Since I can remember I have pretended to be a mermaid in some body of water. I swam for many years throughout school on indoor and outdoor swim teams and teaching swim lessons. Working as a lifeguard for many years at the local indoor YMCA and managing summer outdoor pools in Carroll County, MD. From the moment I started my photography career over 9 years ago, I have been trying to find a way to step into liquid with my camera to capture the under water world. I have purchased many low grade, point and shoot water cameras. Including the first Go Pro that came out. I struggled with finding a camera that would not fog or build condensation in the lens and view finder. As well as, wanting complete control of my images, verses a non DSLR camera in the water. I also had a hard time convincing myself to purchase the Aqua Tech Imaging Solutions housing to place my extremely expensive professional camera and lens purposefully into the unpredictable Atlantic Ocean.
Last summer I finally stepped into liquid with my Nikon D800 with the help of Aqua Tech Imaging Solutions water housing and lens port. It was not the easiest thing to jump in the Atlantic with over $6K of equipment and trusting the ever so sturdy and well known and reliable Aqua Tech design. Used by even the most famous surf/ocean photographers such as Clark Little. Making the mistake to not double check the O ring seal, caused me to see what it was like to slowly start flooding my housing out while submerged in the ocean. I quickly ran to shore and dried out my camera and housing back home. It was not easy getting used to the limitations your camera has once in the ocean, securely placed and sealed in the water housing. You also need to evaluate and predict lighting and such as to set your ISO and white balance accordingly, prior to placing your camera in the housing. Check out their site for more information on water housings and accessories https://aquatech.net/.
I also realized after many trials and tribulations, the importance of a clean lens and lens port. The lighting and reflections of the water while shooting through the housing seems to show more dirt or water marks then I had imagined. Also while shooting in the water, I had to train my finger to the pistol grip trigger instead of the shutter button on top of the camera.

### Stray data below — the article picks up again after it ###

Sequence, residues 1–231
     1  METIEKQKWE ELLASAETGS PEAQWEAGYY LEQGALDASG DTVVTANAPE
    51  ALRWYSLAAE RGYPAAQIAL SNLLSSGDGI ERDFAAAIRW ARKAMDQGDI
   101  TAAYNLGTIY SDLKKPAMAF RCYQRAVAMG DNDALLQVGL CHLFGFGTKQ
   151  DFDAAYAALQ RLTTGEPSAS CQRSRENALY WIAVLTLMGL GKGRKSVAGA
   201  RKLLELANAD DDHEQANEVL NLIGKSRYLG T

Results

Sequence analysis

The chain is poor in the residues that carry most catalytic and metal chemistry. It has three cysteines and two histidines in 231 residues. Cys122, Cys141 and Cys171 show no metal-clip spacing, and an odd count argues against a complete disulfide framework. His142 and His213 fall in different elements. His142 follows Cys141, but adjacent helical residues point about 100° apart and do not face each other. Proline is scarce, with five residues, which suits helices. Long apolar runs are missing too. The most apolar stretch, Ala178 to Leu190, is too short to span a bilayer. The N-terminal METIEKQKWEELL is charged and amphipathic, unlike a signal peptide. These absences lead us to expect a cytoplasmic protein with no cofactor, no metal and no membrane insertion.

Each lens has it’s own lens port specially designed by Aqua Tech Imaging Solutions. The image below with a circle of vignetting around the ocean, was taken with the wrong lens in the Aqua Tech lens port. I grabbed the wrong wide angle lens and showed up ready to shoot at the beach before I had a chance to notice. All a part of the learning curve from land to water photography. Forever evolving.
Nick Coffman is a good friend of mine whom I have had many fun photo adventures with. He is photographed in an image below using his Go Pro camera. He also took the neat photos of me underwater with my Aqua Tech housing, below (top). It is a neat feeling when you can jump into a body of water with your camera and a friend and have some fun.
My daughter Emma is a fish as well. We share the same love for the ocean and swimming. It has been a ton of fun learning how to use my housing in the water with her. I have decided to offer water sessions this year to my packages! There is a whole world under the sea and I am looking forward to capturing more creatures in the ocean and fun family sessions this summer! Traveling to the OBX or Hatteras Island this year, why not step into liquid for a family fun water session! Contact me for more details on booking a water family session!
Thanks for viewing my blog post, please know I am not the best writer, my best story is told through my images. Please scroll down to check out a few frames of my trials and tribulations and my wannabe mermaid skills.